Daily Alert

23 December 2008

FTC Report: Social Security Numbers and Identity Theft

The Federal Trade Commission has issued a report which doesn't break much new ground on protecting American citizen's Social Security Numbers. It does make official the call for new regulations intended to end unnecessary use of the Social Security Number (SSN) and provide for the privacy concerns of consumers when it is used. As the report makes clear, the genie cannot be stuffed back into the bottle. The SSNs of Americans are used, filed, stored, and accessed everywhere for business and identification purposes. That's pretty amazing for a number which is not officially an identification number.

Think about this. SSNs are assigned almost immediately after the birth of a baby. A basic paper card with few security provisions is given to the parents of the baby. The Social Security Administration will be happy to re-issue a card to a consumer as many as 10 times over a life time, not including legal name changes. If the card is lost or stolen, that is too bad. Apply for a new card - same number. No changes to your number will occur. Small wonder why identity theft is so easy to perpetrate. One of the basic pieces of information needed to commit identity frauds of all sorts is unprotected and is rarely changed even after it is exploited for criminal purposes.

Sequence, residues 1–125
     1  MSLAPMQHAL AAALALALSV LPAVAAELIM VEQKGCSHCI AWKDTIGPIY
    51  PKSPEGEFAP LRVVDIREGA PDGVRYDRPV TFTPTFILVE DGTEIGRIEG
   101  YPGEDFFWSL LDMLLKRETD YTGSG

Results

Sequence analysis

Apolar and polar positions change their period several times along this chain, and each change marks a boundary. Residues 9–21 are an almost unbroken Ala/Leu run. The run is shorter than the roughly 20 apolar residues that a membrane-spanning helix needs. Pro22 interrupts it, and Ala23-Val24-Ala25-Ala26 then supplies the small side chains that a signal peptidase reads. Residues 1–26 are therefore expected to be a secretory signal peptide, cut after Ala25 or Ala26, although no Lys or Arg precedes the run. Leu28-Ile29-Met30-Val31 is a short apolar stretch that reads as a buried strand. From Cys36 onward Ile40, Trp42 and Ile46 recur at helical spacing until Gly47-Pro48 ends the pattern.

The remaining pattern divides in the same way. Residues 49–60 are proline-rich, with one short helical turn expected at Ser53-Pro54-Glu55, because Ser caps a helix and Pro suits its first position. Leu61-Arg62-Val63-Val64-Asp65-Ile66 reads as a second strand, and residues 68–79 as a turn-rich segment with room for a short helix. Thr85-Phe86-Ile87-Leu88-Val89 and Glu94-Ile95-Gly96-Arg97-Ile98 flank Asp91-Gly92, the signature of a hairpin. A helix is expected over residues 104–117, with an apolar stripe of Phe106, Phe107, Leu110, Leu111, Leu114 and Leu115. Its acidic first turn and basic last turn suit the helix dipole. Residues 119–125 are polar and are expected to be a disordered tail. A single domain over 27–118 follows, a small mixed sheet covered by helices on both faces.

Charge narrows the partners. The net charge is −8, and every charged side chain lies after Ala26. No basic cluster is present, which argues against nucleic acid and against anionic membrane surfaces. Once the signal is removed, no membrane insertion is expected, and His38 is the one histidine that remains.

Because so many functions of business though rely on the SSN for day to day operations, it will not go away anytime soon. Especially now as we boldly head into uncertain economic times, businesses cannot afford the cost of re-tooling from an obsolete identification system to a technologically safer credentialing system which matches stored card data to knowledge based authentication (KBA), PIN and/or biometrics. Many people are rightfully very concerned about these technologies and the implications they pose for consumer privacy. What cannot continue however is the current unabated abuse of the SSN which results in costly and time consuming identity restoration for consumers and billions of dollars in costs due to fraud; all facilitated by the SSNs inherent lack of safety. I am certainly not a proponent for national identity cards but the current system of using SSNs as a primary ID has to be put out to pasture. This is a subject we will need to visit again in the future.



FTC Issues Report on Social Security Numbers and Identity Theft
excerpts
The Commission believes that the most effective course of action is to strengthen the methods by which businesses authenticate new and existing customers. Stronger authentication would make it more difficult for criminals to use stolen information, including SSNs, to impersonate consumers, thus devaluing the SSN to identity thieves and reducing the demand for it.